I have studied Electrical and Computer Engineering and received Master degree in 2008. While I was studying at university, I worked as a teacher assistant. I have taught many courses to undergraduate and graduate students. In addition, I taught a lot of elementary and high school students as tutor. Both of these experiences convinced me to pursue tutoring as a career. Therefore, I have tried hard to become a good teacher. I realized that teacher preparation is the major determinant of a great teacher. I have taught large variety of courses; however, my best experience is computer programming. Right now, I have some college and high school students whom I am teaching Java, C/C++, Matlab, and object oriented programming. I love teaching the computer programming to any student and can transmit information in the best way at minimum time. If you have any problems in programming and want to become ready for your class or doing your homework, I could help you. You are going to... read more
Being my first WyzAnt post, I figured I'd just ponder on a fallacious belief new programmers generally have. But before that, allow me to introduce myself! My name is Jaffer, I am a student at APSU, a senior with a major in Computer Science and a minor in Mathematics. I chose to become a CS major because, well, I love video games and I've always wanted to make them. That is why I really got into C# and XNA, as it makes the life of a game programmer significantly easier. I've used C, C++, Java, C#, Ruby, Fortran, Erlang, F#, VB, HTML, PHP, SQL and who really knows what else, and this is over the course of just 2 years really. So, onto the biggest fallacy a new programmer probably believes: Fallacy: Learning my first language was hard and took a long time (it usually does!). I don't want to learn another language because it will take forever. Truth: Learning a programming language is not about memorizing syntax or semantics, nor is it a test of if you can place each semicolon... read more
Why do we spend so much money on software? Is it because there is no other option? No! The truth is that just about every personal computer need can be fulfilled via open-source software! What is open-source software? Normally, when we purchase software, we are purchasing a compiled program that allows us to run it; if we have an idea for improving the application, we can only sit back and say "wouldn't it be nice..." Open-source software is freely distributed (although you may see it included in commercial packages such as Red Hat Linux) and includes source code. There is nothing prohibiting us from altering the application to our liking; in fact, it is standard practice to make changes or additions to the source code and redistribute it. Even those who are not so tech-savvy can recognize the obvious benefit of free software. Here are some of the most popular open-source packages: Firefox - A fully functioning web browser with consistent updates - from Mozilla... read more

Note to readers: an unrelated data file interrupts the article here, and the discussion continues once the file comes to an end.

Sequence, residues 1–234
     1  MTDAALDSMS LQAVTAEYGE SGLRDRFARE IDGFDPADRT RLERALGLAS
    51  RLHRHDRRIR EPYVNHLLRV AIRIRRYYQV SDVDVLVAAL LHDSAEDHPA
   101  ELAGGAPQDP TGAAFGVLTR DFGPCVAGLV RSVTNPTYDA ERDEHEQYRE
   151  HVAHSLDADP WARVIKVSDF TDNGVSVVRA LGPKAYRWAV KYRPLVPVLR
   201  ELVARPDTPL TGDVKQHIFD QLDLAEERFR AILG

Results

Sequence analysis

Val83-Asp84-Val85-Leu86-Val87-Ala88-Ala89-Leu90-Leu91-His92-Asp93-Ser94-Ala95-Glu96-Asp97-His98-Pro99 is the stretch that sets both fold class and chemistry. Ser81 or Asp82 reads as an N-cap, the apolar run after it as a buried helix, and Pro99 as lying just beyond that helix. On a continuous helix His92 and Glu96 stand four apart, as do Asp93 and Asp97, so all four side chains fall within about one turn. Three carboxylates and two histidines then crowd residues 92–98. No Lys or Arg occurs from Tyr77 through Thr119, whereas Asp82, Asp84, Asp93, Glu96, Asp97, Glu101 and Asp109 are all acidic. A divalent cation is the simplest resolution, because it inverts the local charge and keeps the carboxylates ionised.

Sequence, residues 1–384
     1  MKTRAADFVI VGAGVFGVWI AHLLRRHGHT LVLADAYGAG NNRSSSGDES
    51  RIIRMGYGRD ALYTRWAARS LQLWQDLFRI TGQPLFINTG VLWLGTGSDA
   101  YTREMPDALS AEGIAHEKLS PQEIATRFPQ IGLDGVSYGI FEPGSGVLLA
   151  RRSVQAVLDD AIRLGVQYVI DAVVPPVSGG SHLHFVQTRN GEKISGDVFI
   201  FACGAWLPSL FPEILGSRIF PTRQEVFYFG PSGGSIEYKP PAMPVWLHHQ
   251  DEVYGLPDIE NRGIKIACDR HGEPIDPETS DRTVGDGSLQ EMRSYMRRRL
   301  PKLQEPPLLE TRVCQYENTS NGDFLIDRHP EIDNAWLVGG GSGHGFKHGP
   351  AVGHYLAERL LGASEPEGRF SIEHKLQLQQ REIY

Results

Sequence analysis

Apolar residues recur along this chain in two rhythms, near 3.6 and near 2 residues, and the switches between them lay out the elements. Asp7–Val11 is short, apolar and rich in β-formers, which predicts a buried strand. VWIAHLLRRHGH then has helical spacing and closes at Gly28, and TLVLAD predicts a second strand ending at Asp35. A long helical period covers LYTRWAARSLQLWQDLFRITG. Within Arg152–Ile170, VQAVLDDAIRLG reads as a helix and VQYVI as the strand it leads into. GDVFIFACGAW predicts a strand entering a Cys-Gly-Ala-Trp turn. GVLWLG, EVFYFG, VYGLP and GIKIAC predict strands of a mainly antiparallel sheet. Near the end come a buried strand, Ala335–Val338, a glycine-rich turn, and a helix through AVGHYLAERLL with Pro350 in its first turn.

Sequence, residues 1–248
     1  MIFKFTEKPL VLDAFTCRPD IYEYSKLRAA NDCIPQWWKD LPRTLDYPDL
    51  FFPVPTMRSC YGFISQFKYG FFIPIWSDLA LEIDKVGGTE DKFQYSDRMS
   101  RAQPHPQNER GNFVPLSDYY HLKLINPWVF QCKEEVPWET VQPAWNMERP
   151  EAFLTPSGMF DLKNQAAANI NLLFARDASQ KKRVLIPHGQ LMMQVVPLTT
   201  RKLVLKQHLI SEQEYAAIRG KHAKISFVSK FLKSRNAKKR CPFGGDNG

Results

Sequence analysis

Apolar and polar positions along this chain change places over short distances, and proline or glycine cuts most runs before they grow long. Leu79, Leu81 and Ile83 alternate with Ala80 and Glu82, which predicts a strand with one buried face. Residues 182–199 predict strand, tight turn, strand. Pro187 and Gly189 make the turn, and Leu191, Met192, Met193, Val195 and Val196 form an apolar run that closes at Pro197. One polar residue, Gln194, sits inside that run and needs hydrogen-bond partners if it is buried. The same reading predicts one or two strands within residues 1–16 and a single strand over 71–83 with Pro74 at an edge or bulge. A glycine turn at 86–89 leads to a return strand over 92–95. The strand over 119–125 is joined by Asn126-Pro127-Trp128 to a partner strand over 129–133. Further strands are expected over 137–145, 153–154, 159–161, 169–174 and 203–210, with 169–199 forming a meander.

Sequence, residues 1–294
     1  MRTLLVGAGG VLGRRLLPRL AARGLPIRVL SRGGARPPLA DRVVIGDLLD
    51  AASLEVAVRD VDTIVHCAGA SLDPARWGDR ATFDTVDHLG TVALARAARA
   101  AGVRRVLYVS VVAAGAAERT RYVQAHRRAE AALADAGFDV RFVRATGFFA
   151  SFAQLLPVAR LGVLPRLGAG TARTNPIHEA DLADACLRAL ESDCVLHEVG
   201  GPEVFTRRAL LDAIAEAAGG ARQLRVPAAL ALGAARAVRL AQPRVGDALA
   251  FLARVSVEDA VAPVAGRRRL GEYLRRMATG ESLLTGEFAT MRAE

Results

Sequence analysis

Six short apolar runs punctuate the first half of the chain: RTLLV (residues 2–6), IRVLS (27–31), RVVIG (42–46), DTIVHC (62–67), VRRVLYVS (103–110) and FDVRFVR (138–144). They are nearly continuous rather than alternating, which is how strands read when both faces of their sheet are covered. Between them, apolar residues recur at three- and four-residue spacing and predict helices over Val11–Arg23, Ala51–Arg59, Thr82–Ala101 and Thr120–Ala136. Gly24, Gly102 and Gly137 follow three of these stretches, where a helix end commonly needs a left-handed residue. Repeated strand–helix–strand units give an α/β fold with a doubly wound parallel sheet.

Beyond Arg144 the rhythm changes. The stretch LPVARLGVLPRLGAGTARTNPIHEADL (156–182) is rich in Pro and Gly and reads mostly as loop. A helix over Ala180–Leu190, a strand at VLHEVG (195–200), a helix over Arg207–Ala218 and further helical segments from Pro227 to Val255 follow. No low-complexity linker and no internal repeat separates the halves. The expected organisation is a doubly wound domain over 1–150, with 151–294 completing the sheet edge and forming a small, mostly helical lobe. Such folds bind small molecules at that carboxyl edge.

HTML is the type of computer language that takes years to actually understand it. There is no way that someone can learn it overnight. You can pick it up very easily, however this is the type of subject that you are always learning new things. I have been using HTML for over 8 years now and I am still learning the ins and outs of it. You might look at the code and say “well that looks easy, it’s in English”, but in reality you have to remember, it’s a different form of English and is written is words that really don’t make much sense. As a new student, you ask me, “how will you teach me HTML?” At first I am going to teach you the basic and during this time I am going to try to understand how you learn best. Are you a visual or auditory learner? The best way I find it to learn HTML and basically anything in Web Design and Development is just by sitting at a computer and start typing out the code. The more you write it the better off you will be in about a week. Practice,... read more
Data structures are a way by which data is stored and organized in a system. Linked List, Stacks, Queue, Trees, Hash Tables etc. all come under this category. Best way to learn data structures in any language C, C++, Java etc is to have a pictorial representation of the problem in front of you and then to implement. Syntax of data structure in any language can be easily learned. One need to focus on the meaning of particular data structure and best way to understand this is to have pictorial representations of what exactly needed to be implemented.
Let's keep this simple. I consider what am I going to do with this new computer. For me, it is a combination of hobby computing, business needs, and personal computing. I am seriously considering an Apple this time. The Apple will fit my business needs with both software and the Microsoft offering I can be compatible with the office. The main reason I am considering an Apple is money and security. I am willing to spend the money to get the hardware and software to pursue my hobbies. My hobbies being music, photography, and computing. I like the way media looks and feels on the Apple. And to be honest, I am tired of the pc. The Apple works. Security. Security is the key. With identity theft the expense is justified. While working security in the United States Air Force I realized that security is a key component in computing. Therefore, I will spend the money now. Identity theft is serious. Enough said. Now build the computer. This sounds easy... read more
I was working with a physics student the other day and came across a football trajectory problem which was very timely because Superbowl Sunday fast approaching and the Pittsburgh Steelers are still in the mix. Yeah! Most trajectory problems in physics problems meant to be worked “by hand” have to make some assumptions so that the equations can be solved without using a computer. The biggest and most common assumption is that the effect of the air resistance on the object is negligible. “Negligible” means that we consider (or at least are willing to temporarily pretend) that the effect is small enough that if we neglect accounting for it in our calculations our answer could still be useful in some way. For example, if: a) we know our kicker can usually kick with an certain initial speed v, and if b) we know how to use basic trajectory physics calculations to tell us the maximum possible range R for a kick at a given angle from the horizontal (let’s call it theta),... read more